Re: your mail

From: Kai Germaschewski (
Date: Thu Oct 17 2002 - 09:56:08 EST

On Thu, 17 Oct 2002, Rusty Russell wrote:

> > But that one is easy: the zero check just takes the same spinlock as
> > TRY_INC_MOD_COUNT, then sets can't-increment only in the case the count
> > is zero, considerably simpler than:
> The current spinlock is horrible. You could use a brlock, of course,
> but I didn't mainly because of code bloat and speed. My current code
> looks like:
> static inline int try_module_get(struct module *module)
> {
> int ret = 1;
> if (module) {
> unsigned int cpu = get_cpu();
> if (likely(module->ref[cpu].live))
> local_inc(&module->ref[cpu].counter);
> else
> ret = 0;
> put_cpu();
> }
> return ret;
> }

Since I made the mistake of getting involved into this discussion lately,
I wonder if this new method is going to be mandatory (the only one
available) or optional. I think there's two different kind of users, for
one modules which use an API which provides its own infrastructure for
dealing with modules via ->owner, on the other hand things like netfilter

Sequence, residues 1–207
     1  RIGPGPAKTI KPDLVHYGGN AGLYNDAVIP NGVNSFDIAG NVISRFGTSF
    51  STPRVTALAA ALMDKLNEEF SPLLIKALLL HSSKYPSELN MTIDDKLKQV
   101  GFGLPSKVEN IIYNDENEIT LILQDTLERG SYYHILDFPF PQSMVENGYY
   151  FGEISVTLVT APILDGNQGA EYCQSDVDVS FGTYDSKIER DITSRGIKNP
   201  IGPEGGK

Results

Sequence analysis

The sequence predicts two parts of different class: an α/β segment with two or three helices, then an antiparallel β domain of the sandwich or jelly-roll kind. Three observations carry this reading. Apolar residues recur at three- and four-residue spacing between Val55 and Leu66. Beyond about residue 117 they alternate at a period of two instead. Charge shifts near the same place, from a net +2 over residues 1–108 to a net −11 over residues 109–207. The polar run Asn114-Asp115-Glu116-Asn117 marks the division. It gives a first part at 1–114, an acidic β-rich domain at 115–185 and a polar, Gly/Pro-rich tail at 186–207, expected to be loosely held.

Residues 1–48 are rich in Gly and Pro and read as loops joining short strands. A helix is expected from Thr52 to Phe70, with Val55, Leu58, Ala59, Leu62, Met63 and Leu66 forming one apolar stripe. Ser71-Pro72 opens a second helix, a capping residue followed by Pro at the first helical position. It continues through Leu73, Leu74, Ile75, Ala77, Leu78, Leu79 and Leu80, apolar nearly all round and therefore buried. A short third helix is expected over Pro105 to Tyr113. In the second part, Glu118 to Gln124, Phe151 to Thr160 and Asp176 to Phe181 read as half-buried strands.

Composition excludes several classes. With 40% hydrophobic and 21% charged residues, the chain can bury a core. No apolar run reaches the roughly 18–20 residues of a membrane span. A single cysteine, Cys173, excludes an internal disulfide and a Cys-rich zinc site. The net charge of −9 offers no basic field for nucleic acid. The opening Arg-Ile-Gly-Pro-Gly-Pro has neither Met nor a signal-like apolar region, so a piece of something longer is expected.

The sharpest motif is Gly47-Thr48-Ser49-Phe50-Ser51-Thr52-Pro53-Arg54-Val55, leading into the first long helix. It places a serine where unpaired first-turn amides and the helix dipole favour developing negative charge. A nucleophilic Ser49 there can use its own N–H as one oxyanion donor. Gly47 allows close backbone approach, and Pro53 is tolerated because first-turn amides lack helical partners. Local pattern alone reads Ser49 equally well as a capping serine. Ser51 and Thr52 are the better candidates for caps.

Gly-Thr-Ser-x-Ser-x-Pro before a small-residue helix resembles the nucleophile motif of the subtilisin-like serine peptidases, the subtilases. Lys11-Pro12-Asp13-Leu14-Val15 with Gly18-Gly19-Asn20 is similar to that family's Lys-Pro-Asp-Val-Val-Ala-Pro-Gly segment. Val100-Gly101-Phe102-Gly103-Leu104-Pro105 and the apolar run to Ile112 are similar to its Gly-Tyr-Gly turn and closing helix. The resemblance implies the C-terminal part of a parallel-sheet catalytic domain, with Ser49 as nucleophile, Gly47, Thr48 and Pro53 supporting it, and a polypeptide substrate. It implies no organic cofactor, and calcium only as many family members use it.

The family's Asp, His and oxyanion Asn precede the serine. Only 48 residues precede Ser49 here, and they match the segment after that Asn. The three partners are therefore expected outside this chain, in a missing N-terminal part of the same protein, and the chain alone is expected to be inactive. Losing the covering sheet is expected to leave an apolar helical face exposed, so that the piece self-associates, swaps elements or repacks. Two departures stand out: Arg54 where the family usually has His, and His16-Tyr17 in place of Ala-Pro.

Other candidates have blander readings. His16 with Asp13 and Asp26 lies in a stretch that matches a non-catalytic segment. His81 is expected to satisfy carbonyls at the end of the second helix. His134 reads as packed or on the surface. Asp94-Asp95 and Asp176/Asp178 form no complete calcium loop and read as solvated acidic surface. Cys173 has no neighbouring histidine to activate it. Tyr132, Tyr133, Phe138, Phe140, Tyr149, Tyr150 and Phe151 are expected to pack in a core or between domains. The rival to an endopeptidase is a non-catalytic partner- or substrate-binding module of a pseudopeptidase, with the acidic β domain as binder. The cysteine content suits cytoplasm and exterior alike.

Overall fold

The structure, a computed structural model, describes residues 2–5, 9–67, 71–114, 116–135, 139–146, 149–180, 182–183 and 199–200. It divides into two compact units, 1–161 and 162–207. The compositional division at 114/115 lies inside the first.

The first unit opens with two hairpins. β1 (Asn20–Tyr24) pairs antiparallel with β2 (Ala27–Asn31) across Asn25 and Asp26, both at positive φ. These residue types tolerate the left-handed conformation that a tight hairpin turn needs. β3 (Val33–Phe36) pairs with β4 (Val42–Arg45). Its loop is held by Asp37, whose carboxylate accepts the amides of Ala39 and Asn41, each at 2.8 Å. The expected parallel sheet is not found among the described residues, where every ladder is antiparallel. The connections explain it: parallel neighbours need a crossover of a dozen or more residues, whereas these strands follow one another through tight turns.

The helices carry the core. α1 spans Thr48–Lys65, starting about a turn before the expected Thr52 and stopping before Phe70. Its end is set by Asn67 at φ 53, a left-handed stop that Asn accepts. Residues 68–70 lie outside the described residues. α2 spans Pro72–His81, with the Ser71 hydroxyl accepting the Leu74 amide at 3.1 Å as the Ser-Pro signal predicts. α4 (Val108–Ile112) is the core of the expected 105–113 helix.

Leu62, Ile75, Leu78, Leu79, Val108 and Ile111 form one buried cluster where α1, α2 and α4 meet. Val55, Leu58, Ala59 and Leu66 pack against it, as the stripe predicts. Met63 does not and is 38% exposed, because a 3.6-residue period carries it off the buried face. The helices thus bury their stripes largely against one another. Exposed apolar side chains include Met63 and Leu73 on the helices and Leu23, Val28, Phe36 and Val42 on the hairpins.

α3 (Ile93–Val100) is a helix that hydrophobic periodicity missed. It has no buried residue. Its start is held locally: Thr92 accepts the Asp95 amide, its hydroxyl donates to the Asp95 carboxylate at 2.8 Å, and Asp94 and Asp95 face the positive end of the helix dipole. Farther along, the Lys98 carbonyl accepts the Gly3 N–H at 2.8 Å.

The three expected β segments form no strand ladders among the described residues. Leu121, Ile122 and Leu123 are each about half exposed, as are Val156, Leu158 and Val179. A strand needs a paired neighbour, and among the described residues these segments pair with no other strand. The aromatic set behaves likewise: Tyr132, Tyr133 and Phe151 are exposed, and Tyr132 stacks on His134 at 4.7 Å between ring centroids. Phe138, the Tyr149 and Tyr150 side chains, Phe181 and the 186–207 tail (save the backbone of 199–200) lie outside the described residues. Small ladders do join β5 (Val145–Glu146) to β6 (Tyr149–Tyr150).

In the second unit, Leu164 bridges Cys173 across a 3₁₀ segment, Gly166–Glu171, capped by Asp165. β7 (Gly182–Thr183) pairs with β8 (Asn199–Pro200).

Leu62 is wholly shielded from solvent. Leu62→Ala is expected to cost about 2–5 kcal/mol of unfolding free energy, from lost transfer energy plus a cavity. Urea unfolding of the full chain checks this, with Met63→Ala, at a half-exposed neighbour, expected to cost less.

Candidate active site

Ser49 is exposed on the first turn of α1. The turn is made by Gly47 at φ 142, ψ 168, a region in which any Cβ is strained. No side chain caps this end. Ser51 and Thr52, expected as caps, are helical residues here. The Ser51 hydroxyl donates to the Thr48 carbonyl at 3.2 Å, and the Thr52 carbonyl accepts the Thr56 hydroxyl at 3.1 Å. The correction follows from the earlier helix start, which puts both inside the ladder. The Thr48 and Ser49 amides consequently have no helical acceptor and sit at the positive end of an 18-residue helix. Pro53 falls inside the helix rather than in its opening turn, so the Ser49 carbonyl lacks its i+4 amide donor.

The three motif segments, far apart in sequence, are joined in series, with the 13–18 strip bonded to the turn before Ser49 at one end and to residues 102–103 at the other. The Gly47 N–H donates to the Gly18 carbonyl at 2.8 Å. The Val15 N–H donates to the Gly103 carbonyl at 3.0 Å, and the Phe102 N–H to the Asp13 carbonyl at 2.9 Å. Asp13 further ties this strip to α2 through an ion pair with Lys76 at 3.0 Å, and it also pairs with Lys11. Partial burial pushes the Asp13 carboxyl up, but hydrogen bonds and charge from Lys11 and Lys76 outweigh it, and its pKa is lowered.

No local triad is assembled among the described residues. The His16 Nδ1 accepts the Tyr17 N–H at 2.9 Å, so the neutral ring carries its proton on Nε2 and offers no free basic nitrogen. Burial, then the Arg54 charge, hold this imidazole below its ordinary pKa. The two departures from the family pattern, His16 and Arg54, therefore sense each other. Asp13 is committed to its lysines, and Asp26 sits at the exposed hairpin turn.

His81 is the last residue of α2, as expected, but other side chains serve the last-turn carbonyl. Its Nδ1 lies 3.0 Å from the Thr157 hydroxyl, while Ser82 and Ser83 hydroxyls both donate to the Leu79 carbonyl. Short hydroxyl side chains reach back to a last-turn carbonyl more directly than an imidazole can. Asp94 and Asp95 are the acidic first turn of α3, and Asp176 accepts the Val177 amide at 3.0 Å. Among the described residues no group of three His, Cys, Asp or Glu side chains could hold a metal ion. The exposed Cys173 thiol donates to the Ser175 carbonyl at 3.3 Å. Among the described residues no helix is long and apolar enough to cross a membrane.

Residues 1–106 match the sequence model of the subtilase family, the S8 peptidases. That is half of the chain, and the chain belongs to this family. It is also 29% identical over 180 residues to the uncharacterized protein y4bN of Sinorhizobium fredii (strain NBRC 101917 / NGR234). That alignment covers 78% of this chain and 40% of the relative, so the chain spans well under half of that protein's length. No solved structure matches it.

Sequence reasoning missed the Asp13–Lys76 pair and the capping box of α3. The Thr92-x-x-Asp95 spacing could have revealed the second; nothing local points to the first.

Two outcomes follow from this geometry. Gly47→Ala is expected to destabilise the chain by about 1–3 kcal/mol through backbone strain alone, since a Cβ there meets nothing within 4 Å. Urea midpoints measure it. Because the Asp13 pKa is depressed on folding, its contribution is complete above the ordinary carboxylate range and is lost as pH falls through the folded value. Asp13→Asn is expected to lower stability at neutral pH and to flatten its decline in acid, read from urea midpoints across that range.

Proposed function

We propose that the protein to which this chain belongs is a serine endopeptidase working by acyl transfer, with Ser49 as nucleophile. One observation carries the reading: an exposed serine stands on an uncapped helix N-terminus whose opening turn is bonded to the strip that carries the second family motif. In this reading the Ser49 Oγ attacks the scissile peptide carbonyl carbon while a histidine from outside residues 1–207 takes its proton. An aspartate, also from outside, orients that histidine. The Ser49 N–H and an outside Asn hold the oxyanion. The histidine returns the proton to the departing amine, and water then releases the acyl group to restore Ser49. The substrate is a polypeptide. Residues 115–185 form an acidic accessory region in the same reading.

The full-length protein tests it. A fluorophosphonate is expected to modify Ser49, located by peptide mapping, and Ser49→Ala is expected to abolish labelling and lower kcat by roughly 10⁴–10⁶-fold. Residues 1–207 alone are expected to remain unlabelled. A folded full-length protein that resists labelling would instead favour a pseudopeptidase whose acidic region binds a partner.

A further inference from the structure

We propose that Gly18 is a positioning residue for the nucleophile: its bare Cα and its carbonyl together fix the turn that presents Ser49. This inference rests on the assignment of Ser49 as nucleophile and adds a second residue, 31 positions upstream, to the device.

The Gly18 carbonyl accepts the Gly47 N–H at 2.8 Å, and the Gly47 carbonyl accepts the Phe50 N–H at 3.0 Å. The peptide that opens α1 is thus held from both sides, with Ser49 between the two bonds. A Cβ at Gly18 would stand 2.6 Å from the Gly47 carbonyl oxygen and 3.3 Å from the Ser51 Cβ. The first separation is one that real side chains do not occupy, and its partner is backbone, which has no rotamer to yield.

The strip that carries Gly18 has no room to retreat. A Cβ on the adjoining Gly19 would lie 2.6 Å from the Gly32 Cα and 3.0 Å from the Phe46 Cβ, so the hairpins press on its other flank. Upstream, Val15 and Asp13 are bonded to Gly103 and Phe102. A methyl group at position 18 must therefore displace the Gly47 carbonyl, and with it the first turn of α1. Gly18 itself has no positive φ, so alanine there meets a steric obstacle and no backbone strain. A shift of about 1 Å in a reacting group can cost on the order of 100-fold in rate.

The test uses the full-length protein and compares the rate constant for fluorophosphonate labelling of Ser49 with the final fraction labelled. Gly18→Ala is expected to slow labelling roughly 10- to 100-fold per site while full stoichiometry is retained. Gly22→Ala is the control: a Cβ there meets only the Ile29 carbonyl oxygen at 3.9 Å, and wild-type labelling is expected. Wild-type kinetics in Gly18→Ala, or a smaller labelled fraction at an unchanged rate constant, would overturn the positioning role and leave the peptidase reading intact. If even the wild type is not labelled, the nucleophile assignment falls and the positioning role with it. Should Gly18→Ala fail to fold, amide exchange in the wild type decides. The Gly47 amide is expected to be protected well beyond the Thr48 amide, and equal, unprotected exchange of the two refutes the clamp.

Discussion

(that's probably where you are coming from) where calls into a module,
which need protection are really frequent.

Note that for the vast majority of modules, dealing with unload races is
as simple as setting ->owner, for example filesystems, network drivers.

Sure, we need a global lock (unload_lock) when calling into these modules
initially, but these "binding/unbinding" calls are really rare. For
filesystems, they happen once per mount, for network drivers only for
ifconfig up/down. Afterwards, calling into the module (e.g. accessing the
mounted filesystem, xmitting/receiving data) doesn't have any overhead at
all compared to a linked-in filesystem/driver (well, ignore TLB misses)

I don't see a good reason to change this, in particular, since it provides
useful information to the user, that is the mod_use_count. It means "Is it
possible to successfully unload the module now?", and since looking at
the count and the actual unload is protected by unload_lock, the unload
will either succeed basically immediately, or fail with -EBUSY right away.

I see that your approach makes frequent calls into the module cheaper, but
I'm not totally convinced that the current safe interfaces need to change
just to accomodate rare cases like netfilter (there's most likely some
more cases like it, but the majority of modules is not).

Anyway, I may see further problems, but let me check first: Is your count
supposed to only count users which are currently executing in the module's
.text, or is it also to count references to data allocated in the module?
(I.e. when I register_netdev(), does that keep a reference to the module
even after the code has left the module's .text?)


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This archive was generated by hypermail 2b29 : Wed Oct 23 2002 - 22:00:35 EST